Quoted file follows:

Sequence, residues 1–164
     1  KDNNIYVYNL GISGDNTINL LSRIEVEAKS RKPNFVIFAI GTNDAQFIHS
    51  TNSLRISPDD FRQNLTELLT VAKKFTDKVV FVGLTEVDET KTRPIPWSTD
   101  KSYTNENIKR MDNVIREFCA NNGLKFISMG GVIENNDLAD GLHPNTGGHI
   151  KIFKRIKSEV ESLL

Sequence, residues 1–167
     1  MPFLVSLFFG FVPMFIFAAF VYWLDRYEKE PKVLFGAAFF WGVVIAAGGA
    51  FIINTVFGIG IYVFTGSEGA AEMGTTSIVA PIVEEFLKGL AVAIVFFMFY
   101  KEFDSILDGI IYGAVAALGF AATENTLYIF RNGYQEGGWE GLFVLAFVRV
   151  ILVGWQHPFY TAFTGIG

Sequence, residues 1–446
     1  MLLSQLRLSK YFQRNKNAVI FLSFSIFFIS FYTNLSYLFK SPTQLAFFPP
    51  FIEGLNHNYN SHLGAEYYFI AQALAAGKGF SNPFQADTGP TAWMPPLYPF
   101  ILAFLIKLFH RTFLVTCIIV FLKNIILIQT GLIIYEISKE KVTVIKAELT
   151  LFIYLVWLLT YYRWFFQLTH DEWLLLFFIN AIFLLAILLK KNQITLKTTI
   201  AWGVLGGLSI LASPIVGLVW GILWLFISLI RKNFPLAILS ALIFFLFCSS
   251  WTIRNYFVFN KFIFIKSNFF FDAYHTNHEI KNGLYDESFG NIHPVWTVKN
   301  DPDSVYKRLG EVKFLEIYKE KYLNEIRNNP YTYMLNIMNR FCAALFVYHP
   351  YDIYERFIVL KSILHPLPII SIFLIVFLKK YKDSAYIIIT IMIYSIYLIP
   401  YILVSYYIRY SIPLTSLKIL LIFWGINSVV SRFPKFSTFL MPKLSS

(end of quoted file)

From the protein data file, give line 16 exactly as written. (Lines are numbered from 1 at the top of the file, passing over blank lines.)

   201  AWGVLGGLSI LASPIVGLVW GILWLFISLI RKNFPLAILS ALIFFLFCSS